= δx x + δy y. df ds = dx. ds y + xdy ds. Now multiply by ds to get the form of the equation in terms of differentials: df = y dx + x dy.
ERROR PROPAGATION For sums, differences, products, and quotients, propagation of errors is done as follows. (These formulas can easily be calculated using calculus, using the differential as the associated
More information13.4. Curvature. Introduction. Prerequisites. Learning Outcomes. Learning Style
Curvature 13.4 Introduction Curvature is a measure of how sharply a curve is turning as it is traversed. At a particular point along the curve a tangent line can be drawn; this line making an angle ψ with
More informationMath 115 Spring 2014 Written Homework 10SOLUTIONS Due Friday, April 25
Math 115 Spring 014 Written Homework 10SOLUTIONS Due Friday, April 5 1. Use the following graph of y = g(x to answer the questions below (this is NOT the graph of a rational function: (a State the domain
More informationMaths Class 11 Chapter 3. Trigonometric Functions
1 P a g e Angle Maths Class 11 Chapter 3. Trigonometric Functions When a ray OA starting from its initial position OA rotates about its end point 0 and takes the final position OB, we say that angle AOB
More informationA Summary of Error Propagation
A Summary of Error Propagation Suppose you measure some quantities a, b, c,... with uncertainties δa, δb, δc,.... Now you want to calculate some other quantity Q which depends on a and b and so forth.
More informationLaboratory 2 Application of Trigonometry in Engineering
Name: Grade: /26 Section Number: Laboratory 2 Application of Trigonometry in Engineering 2.1 Laboratory Objective The objective of this laboratory is to learn basic trigonometric functions, conversion
More information11.2. Using a Table of Derivatives. Introduction. Prerequisites. Learning Outcomes
Using a Table of Derivatives 11.2 Introduction In Section 11.1 you were introduced to the idea of a derivative and you calculated some derivatives from first principles. Rather than calculating the derivative
More information11.2. Using a table of derivatives. Introduction. Prerequisites. Learning Style. Learning Outcomes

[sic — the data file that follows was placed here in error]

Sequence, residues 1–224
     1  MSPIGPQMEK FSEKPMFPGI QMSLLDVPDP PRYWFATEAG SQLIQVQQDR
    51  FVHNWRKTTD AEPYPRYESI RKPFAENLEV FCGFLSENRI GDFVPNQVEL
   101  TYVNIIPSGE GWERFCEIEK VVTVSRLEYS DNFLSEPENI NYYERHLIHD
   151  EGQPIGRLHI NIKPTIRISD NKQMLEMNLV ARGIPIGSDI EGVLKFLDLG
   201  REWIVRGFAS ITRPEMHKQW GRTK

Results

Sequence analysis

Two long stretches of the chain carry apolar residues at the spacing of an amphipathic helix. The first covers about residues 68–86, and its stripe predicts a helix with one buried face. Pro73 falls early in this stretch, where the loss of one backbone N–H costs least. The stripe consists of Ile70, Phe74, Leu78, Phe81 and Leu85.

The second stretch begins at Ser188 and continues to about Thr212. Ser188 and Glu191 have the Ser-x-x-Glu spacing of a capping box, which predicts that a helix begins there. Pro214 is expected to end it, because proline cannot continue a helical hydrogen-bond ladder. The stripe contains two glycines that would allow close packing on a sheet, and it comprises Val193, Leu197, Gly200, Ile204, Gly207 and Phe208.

Using a table of derivatives 11.2 Introduction In Block 1 you were introduced to the idea of a derivative and you calculated some derivatives from first principles. Rather than always calculate the derivative
More information11 Trigonometric Functions of Acute Angles
Arkansas Tech University MATH 10: Trigonometry Dr. Marcel B. Finan 11 Trigonometric Functions of Acute Angles In this section you will learn (1) how to find the trigonometric functions using right triangles,
More informationMATHEMATICS FOR ENGINEERING INTEGRATION TUTORIAL 1 BASIC INTEGRATION
MATHEMATICS FOR ENGINEERING INTEGRATION TUTORIAL 1 ASIC INTEGRATION This tutorial is essential prerequisite material for anyone studying mechanical engineering. This tutorial uses the principle of learning
More informationSolutions to Exercises, Section 5.2
Instructor s Solutions Manual, Section 5.2 Exercise 1 Solutions to Exercises, Section 5.2 In Exercises 1 8, convert each angle to radians. 1. 15 Start with the equation Divide both sides by 360 to obtain
More informationMULTIPLE CHOICE. Choose the one alternative that best completes the statement or answers the question. A) 110 B) 120 C) 60 D) 150
Exam Name MULTIPLE CHOICE. Choose the one alternative that best completes the statement or answers the question. Convert the angle to decimal degrees and round to the nearest hundredth of a degree. ) 56
More informationDouble integrals. Notice: this material must not be used as a substitute for attending the lectures
ouble integrals Notice: this material must not be used as a substitute for attending the lectures . What is a double integral? Recall that a single integral is something of the form b a f(x) A double integral
More informationMeasurement and Uncertainty
Physics 1020 Laboratory #1 Measurement and Uncertainty 1 Measurement and Uncertainty Any experimental measurement or result has an uncertainty associated with it. In todays lab you will perform a set of
More informationStudent Name: Instructor:
Math 30  Final Exam Version Student Name: Instructor: INSTRUCTIONS READ THIS NOW Print your name in CAPITAL letters. It is your responsibility that your test paper is submitted to your professor. Please
More informationMATHEMATICS SPECIALIST ATAR COURSE FORMULA SHEET
MATHEMATICS SPECIALIST ATAR COURSE FORMULA SHEET 06 Copyright School Curriculum and Standards Authority, 06 This document apart from any third party copyright material contained in it may be freely copied,
More information7. The GaussBonnet theorem
7. The GaussBonnet theorem 7. Hyperbolic polygons In Euclidean geometry, an nsided polygon is a subset of the Euclidean plane bounded by n straight lines. Thus the edges of a Euclidean polygon are formed
More informationMATH FINAL EXAMINATION  3/22/2012
MATH 22  FINAL EXAMINATION  /22/22 Name: Section number: About this exam: Partial credit will be given on the free response questions. To get full credit you must show all of your work. This is a closed
More informationMATH SOLUTIONS TO PRACTICE FINAL EXAM. (x 2)(x + 2) (x 2)(x 3) = x + 2. x 2 x 2 5x + 6 = = 4.
MATH 55 SOLUTIONS TO PRACTICE FINAL EXAM x 2 4.Compute x 2 x 2 5x + 6. When x 2, So x 2 4 x 2 5x + 6 = (x 2)(x + 2) (x 2)(x 3) = x + 2 x 3. x 2 4 x 2 x 2 5x + 6 = 2 + 2 2 3 = 4. x 2 9 2. Compute x + sin
More information10 cm. 6 m. In the diagram, angle ABC = angle ABD = 90, AC = 6 m, BD = 5 m and angle ACB = angle DAB =.
5 (i) Sketch, on the same diagram and for 0 x 2, the graphs of y = 1 4 + sin x and y = 1 2 cos 2x. [4] (ii) The xcoordinates of the points of intersection of the two graphs referred to in part (i) satisfy
More information27.2. Multiple Integrals over Nonrectangular Regions. Introduction. Prerequisites. Learning Outcomes